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SPONSORED - SONY VAIO BUSINESS NOTEBOOKS: Don't Let Their Good Looks Deceive You

Sony VAIO Z Series - Ultra-Portable

state flash memory banks, of 128 or 256 gigabytes apiece.  When you take advantage of ReadyBoost technology in Microsoft Windows 7 Professional, those solid-state drives pull double-duty, speeding up your boot times from the usual full minute to just seconds.

You’ve noticed the Z Series chassis already.  Sony replaced hot, heavy steel with a single slab of ultra-cool, ultralight milled aluminum.  Together with optional carbon fiber reinforced casing — the same technology used to refine a Formula 1 racing chassis — this design brings VAIO Z Series weight down to just over 3 pounds, while at the same time driving standard battery capacity up to an incredible 7 hours.

Super Light Sony VAIO Z Series Notebook

Maybe none of that matters if you can’t turn it on, or if it doesn’t fit on the airplane’s tray table, or if it pumps out heat like a Dutch oven.

That’s why Sony engineers took the lessons they learned in perfecting VAIO Z Series, and applied them to every other business PC they build.  They made VAIO S Series to move with you, through airports, through customs, through taxis and bus rides, and into the field, where your office can be the top of the world or the side of the road.

S Series features durable magnesium alloy casing and intelligent G-sensor technology, protecting the hard disk drive from drops, falls, and sudden impact.  Sony’s engineers applied the lessons they learned from redesigning the Z Series, in rethinking every PC that Sony builds.  For S Series, they improved their existing magnesium alloy casing and rearranged the internal components for maximum heat

Click here: Sony VAIO S Series and Microsoft Office 2010 Special Offer

  • Anomalyx
    I'll pass on the VAIO. They might force a BIOS update that will disallow me from installing Linux.
    Reply
  • cougarsmitty
    Nice specs, nice layout and an interesting take on graphics. However, Windows 7 Home Premium is why this product won't go far in the business world.
    Reply
  • r0g
    Preloaded with a metric butt-ton of crap and proprietary as hell - not for me thanks. Hopefully they've mended their ways now but I've always thought of Sony as an all shirt and no trousers manufacturer, and a very expensive shirt at that! If you want a good value laptop Toshiba are cheaper, more reliable and they'll actually sell you spare parts rather than make you use the hideously expensive "authorized" repair shops when it does break. If you want beautiful, don't mind highly proprietary behavior and money is no object get an Apple, they can run windows these days if that's your bag.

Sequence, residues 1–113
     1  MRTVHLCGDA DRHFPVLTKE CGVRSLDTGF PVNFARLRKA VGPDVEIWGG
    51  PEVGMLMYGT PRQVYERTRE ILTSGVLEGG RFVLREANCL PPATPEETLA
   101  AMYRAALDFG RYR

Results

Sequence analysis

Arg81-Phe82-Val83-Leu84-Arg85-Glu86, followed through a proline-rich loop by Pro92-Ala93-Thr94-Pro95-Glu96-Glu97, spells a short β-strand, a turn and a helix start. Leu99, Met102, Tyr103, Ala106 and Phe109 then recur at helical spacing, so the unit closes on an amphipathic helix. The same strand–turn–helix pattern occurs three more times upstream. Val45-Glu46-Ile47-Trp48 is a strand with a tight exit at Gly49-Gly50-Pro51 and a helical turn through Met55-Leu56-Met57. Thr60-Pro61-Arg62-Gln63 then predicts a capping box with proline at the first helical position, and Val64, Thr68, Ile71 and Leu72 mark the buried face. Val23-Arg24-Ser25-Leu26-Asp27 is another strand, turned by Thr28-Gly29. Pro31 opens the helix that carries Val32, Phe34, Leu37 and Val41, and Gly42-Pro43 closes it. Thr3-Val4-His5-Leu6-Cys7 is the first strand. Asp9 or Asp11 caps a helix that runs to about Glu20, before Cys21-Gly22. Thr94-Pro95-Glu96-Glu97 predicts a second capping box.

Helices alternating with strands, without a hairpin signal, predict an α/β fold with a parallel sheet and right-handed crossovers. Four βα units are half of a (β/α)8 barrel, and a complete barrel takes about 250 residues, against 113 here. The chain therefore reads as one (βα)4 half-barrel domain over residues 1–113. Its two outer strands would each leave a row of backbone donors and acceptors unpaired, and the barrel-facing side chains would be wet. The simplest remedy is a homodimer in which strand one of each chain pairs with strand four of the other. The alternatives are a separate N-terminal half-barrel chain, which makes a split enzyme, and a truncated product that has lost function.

Reply
  • joelmartinez
    Sony Vaio is a poor hipster's apple (I don't like either brands)
    Reply
  • cgramer
    I guess I missed the "SPONSORED" part of the headline. Oops.
    Reply
  • wow, not for the notebooks, but for the text !

    that's not a review, its a love letter ! when they talk about the i3/5/7 intel family!

    couldn't get to the end, too much declared love for me in there !

    and BTW, Anomalyx you're darn right ... and if they change bios and I'm not able to run Linux or FreeBSD ?

    thanks, but no thanks.

    Reply
  • lsilvest
    1. Since when is Sony associated with quality audio?

    2. Vaio products have a history of bugs and problems, especially with heat in both laptops and desktops.

    Reply
  • treker137
    Does it come with rootkit pre-installed?
    Reply
  • flacoman3
    Is this a review or an advertisement?

    "At the heart of every Sony VAIO business notebook PC is the best engineered processing engines the world has ever seen: Intel’s Core i3, i5, and i7 processors."

    "The Sony engineers are charged with this mission: Sacrifice nothing."

    lol cmon seriously can someone actually review this model instead of spending the whole time jizzing all over sony and intel?
    Reply
  • cgramer
    flacoman3Is this a review or an advertisement?
    It's an advertisement. Note the "SPONSORED" part of the headline. I missed it at first, too. D'oh! :-)
    Reply